Guitars are usually 'shes,' but the Danelectro is definitely an 'it.' And when playing it distorted there is this totally wild, round growl on the low end that made me want to solo on the wound strings. More than that, I found myself writing songs on it using the low E and A strings on the first five frets—nothing like instrument-based inspiration. At reasonably hi-gain settings, the guitar leaped into feedback every time I moved my right hand away from the strings. The feedback evaporated as quickly as it started when I returned my hand. Clean and with the volume wide open, the sustain lasted as long as my Strat—not bad for a plywood guitar. While there was a dash of bells in the sustain tones, it was also somewhat murky. I believe this is due to the pickups being on the hot side since rolling back the volume cleaned up the murkiness, perhaps at the expense of sustain. When played dirty, however, it aggressively sang out long and prominent.
Nuts, Bolts and Lipstick Tubes
This model has lipstick-tube alnico single coils in the bridge and neck. I rarely used the bridge pickup by itself, as it was a little too thin on its own. The neck pickup, which is actually a couple inches away from the neck, sounded midrang-y but with good single-coil cut. Using both pickups together kept the highs bright and warm and added enough bottom to allow me to play with the tone controls wide open. The pickups are wired in series so when using both together they cancel hum while fattening up the tone. Two sets of screws on the back of the guitar allow you to adjust pickup height a slight degree.
Both pickups are hotter than average as previously noted, and each has its own stacked pair of concentric knobs—one volume and one tone. The knobs are lightweight and feel a little bit like something from an old portable radio circa 1970. I had to slightly separate the neck pickup's knobs so that turning tone did not also turn volume, which later resulted in the adjusted knob coming loose with some spirited playing.
The Final Mojo
As proven by the long list of famous Danelectro players, Danelectro's usefulness extends beyond trashy-but-musical genres. From rockabilly to grunge, and classic punk to classic country, the Dano has the potential to bring the goods. In two-guitar lineups, its boisterousness provides a nice juxtaposition to more sophisticated guitar tones. No doubt, the alnico bar magnet pickup design coupled with the resonance of the body is a large part of the reason why. The guitar simply sounds interesting in a tonally rich, yet non-elegant way. It sustains nicely, feels good enough, and—best of all—inspires creativity.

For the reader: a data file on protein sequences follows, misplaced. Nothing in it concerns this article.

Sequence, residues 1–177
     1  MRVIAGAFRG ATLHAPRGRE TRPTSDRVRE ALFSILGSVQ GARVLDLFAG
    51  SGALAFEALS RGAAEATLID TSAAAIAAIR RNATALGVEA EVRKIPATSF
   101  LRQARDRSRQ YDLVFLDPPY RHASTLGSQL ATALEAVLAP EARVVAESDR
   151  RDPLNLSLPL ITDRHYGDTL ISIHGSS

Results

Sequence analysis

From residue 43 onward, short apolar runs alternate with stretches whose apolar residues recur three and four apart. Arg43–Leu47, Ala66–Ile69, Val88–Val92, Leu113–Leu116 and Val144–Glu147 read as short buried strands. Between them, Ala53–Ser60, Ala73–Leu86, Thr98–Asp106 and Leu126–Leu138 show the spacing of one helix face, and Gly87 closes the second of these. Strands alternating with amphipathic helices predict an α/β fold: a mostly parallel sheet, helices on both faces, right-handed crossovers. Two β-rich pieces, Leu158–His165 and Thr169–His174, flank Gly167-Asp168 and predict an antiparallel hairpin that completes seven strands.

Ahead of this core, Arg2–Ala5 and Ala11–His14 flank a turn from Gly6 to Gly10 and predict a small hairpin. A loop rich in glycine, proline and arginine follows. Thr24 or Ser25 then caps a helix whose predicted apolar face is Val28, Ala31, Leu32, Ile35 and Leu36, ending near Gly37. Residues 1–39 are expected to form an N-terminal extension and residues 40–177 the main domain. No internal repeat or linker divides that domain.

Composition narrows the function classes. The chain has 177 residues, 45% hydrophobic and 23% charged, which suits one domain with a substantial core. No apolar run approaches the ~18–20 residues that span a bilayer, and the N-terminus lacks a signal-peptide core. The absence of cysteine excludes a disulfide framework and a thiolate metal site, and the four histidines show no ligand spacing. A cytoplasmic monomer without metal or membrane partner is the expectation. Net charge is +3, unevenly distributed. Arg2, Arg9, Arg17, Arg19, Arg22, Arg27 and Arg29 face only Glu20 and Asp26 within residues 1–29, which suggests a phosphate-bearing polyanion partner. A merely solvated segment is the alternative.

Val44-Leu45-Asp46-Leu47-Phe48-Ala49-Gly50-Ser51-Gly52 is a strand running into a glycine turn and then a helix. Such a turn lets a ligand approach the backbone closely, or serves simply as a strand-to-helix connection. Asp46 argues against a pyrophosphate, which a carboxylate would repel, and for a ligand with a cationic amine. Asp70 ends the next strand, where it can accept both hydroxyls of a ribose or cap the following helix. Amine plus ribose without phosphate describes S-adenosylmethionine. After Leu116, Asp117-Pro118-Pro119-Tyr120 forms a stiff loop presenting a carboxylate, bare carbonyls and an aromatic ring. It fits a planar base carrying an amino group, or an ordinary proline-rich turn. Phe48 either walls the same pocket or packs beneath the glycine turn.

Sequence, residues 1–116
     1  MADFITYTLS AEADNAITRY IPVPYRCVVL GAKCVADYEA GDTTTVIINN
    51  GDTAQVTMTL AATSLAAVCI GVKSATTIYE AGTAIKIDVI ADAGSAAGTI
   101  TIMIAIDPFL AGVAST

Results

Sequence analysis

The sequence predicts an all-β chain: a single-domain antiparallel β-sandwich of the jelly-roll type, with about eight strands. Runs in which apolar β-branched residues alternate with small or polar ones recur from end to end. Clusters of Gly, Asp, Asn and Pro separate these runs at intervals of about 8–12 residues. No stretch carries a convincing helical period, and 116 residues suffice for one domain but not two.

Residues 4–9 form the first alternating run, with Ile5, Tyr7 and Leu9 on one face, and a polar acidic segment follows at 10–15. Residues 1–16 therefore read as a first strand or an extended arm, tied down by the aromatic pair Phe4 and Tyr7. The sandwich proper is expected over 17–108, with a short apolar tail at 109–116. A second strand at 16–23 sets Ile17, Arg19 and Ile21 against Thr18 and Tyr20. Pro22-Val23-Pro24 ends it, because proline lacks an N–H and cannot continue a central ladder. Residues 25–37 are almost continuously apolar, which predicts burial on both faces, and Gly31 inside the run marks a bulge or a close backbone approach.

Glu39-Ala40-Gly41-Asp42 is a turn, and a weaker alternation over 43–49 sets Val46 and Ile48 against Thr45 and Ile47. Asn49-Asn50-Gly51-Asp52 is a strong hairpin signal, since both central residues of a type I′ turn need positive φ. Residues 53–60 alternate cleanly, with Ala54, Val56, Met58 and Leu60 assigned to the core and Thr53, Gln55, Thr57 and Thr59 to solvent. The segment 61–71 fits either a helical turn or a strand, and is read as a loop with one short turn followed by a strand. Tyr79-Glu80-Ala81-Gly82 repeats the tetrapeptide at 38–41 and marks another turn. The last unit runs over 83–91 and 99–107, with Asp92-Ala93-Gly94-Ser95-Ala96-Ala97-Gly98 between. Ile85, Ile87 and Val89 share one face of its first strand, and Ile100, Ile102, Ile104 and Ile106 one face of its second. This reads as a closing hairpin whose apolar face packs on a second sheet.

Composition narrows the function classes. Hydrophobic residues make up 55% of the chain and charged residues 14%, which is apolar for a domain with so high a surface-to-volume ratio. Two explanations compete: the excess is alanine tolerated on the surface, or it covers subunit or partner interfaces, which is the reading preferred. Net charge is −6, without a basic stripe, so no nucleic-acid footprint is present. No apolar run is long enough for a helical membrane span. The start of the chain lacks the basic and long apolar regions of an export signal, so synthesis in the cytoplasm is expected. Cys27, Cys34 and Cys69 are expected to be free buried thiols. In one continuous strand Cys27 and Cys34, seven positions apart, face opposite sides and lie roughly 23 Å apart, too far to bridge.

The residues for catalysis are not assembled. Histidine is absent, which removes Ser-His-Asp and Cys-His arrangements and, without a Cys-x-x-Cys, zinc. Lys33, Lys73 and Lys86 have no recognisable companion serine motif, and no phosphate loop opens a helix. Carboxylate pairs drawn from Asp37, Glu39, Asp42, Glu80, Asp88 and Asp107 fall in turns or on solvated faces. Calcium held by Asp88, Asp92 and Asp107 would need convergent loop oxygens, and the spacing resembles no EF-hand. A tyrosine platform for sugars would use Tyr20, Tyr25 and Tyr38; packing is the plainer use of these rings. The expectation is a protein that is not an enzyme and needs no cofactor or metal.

On practically any other guitar, the flaws mentioned above would be unacceptable, but on the Danelectro, they add character and made me play with a totally different approach. I solo'd differently, I jammed differently, I even wrote differently. Accidental noises from picks or fingers that sound like string farts on elegant instruments actually sound musical on the Danelectro. It is a guitar that does not need to be played with great precision to sound good.
Though Danelectro's history and artist roster is part of the company’s legacy, the name might never have the respect Fender, Gibson and a handful of other guitar makers command. And they probably don't care—these guitars just want to be played.
At $349, buy two, because you might break one in a moment of orgiastic inspiration. Also a must-have if you play “Kashmir” in your band.
prestige matters to you or you’re in the market for an all-purpose instrument.